A Detailed Overview of Different Types Of Fire Damage
There are several different kinds of fire accidents that can take place inside a home or a building. Not every fire accident is the same, but they can spread very quickly and cause a lot of harm.
Using the wrong fire extinguisher can also lead to more harm if you do not have the proper knowledge. Hence, it is a good idea to always be aware of fire accidents that can happen anytime, anywhere.
Undoubtedly, fire can be incredibly injuring and devastating because not only does it ruin material things, but it can also kill people. Other than damaging lives, equipment, and buildings, a fire accident can interrupt business activities. Hence, fire prevention is the best way to ensure that the flames do not engulf your entire property or impact you or your business.
Having a contingency plan for dealing with any unfortunate fire-related events is crucial. Unfortunately, even if a fire does occur, knowing how to attack the situation beforehand can stop it from spreading quickly. Even though containing a fire is not an easy task, knowing about the different hazards and risks can help.
It is important to understand that not every file is the same. There are six different classes of fire accident types, and each of these needs to be controlled in a specific way.
Let’s shed some light on the six different kinds of fire accidents that may occur:
Solids (Class A)
The first type of fire accident is a Class A fire involving solids. This could include paper, cardboard, manufacturing, and office materials. It could also be fittings, fixtures, furniture or even building structural materials. These solid materials act as fuel for fire and are one of the most common types that occur all across the globe.
Since they are the most common type, it is pretty hard to eliminate fully. Focusing on waste reduction and keeping your materials as packed as possible may help minimize the risks of a Class A fire. In this case, it is wise to use a water extinguisher because this type of extinguisher can put out most fires linked with solids. However, if you are near electrical equipment, then water can be a dangerous conductor.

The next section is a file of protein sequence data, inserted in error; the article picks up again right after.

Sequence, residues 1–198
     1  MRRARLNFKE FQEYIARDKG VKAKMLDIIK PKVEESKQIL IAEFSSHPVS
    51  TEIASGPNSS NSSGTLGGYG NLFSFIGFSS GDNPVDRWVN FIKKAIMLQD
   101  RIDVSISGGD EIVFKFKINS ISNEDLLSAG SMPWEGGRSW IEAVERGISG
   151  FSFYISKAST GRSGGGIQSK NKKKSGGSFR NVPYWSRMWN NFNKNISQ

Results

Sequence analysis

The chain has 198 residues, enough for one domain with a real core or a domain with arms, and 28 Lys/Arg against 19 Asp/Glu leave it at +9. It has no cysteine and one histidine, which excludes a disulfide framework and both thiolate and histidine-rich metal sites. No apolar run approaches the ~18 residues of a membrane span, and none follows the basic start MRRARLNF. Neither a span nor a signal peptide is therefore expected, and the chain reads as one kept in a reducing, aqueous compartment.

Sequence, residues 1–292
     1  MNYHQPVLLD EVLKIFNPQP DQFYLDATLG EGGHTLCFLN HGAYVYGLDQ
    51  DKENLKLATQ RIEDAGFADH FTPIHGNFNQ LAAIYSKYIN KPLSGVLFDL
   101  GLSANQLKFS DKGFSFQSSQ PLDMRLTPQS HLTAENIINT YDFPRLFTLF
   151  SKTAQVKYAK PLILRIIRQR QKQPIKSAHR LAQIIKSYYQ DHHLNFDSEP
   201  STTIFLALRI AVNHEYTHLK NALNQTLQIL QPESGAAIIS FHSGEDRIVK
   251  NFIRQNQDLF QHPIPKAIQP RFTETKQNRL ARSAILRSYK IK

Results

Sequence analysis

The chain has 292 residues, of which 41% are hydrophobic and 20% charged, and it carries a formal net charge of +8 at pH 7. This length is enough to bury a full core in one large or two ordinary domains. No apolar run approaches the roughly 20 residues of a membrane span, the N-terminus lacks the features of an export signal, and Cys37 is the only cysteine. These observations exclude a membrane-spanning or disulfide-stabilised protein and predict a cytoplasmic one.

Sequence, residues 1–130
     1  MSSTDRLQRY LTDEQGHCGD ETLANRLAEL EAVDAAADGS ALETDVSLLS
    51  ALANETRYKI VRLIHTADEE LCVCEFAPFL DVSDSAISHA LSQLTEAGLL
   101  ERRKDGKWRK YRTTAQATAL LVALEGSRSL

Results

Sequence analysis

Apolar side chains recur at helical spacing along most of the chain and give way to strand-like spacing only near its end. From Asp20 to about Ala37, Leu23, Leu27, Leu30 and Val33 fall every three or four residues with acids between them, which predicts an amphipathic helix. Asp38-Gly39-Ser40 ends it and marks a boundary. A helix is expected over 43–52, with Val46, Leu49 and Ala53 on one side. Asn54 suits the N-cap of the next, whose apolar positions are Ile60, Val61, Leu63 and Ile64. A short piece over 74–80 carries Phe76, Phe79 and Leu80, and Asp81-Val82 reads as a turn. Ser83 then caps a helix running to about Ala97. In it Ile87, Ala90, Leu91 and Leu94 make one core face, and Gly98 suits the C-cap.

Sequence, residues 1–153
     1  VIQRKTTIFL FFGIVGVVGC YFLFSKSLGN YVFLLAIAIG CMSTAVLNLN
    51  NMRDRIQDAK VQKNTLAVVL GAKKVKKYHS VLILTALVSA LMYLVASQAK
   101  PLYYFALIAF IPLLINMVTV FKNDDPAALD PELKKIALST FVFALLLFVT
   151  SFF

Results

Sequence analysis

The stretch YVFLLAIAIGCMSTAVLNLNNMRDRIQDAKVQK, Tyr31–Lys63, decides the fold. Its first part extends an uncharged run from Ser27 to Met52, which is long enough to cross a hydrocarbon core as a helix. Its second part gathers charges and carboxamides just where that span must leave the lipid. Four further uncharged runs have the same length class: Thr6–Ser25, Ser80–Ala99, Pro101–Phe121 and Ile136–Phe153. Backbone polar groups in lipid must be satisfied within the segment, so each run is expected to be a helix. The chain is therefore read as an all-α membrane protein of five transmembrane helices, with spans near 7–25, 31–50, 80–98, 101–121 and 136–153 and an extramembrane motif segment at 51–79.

Liquids (Class B)
Class B fires involve liquid and fluids. This could be chemicals, cleaning liquids, inks, adhesives, solvents, and even paints. Sometimes chemicals and liquids found in several workplaces are explosive and flammable, which becomes the main fuel source for the fire.
Even though Class B fires are not incredibly common, they do cause many fatalities because they are more deadly than a class A fire. You should always be very careful around flammable liquids, especially at the workplace. Hazardous substances should always be handled according to standards and legal requirements. Labeled containers and safe storage is also a good way to lower the risk of Class B fires. A form or powder extinguisher works best for flammable Class B fires.
Gases (Class C)
Class C fires involve gases such as natural gas or LPG. Any other flammable or explosive gas can also lead to a Class C fire. This is why gas is considered to be incredibly dangerous and a fire risk. Gases should always be in a safe storage area with sealed containers to ensure it is being used properly and safely. A dry powder extinguisher this the best type of distinguisher to put out a Class C fire.
Metals (Class D)
Some metal materials are combustible, which is why they can cause a class D fire. Since they are good conductors, they can also help spread a fire that leads to a bigger problem. When metals melt at high temperatures due to the heat of the fire, they become a proper structural element which only helps the fire increase. A dry powder extinguisher is a perfect way to tackle a Class D fire.
Electrical (Class E)
Class E fires are more popularly known as electrical fires because electricity is the fuel in this situation. Any electrical equipment that is installed incorrectly or in a mixture with moisture or water can be a fatal experience. An electrical fire should never be resolved by a water extinguisher. Instead, a dry powder distinguisher is a correct way to go.
Cooking Fats & Oils (Class F)
Excessively hot deep fat frying or flammable oil spills can be dangerous, especially if they are combined with a heat source. They can result in a Class F fire. A wet chemical extinguisher works great to extinguish a Class F fire.
What To Do In Case Of A Fire?
Since fire damage is incredibly unsafe and time-sensitive, it is important to call emergency services to help you put out the fire. Moreover, home and commercial fire damage restoration companies such as 911 Restoration of Dallas can help turn your property to its former state in no time!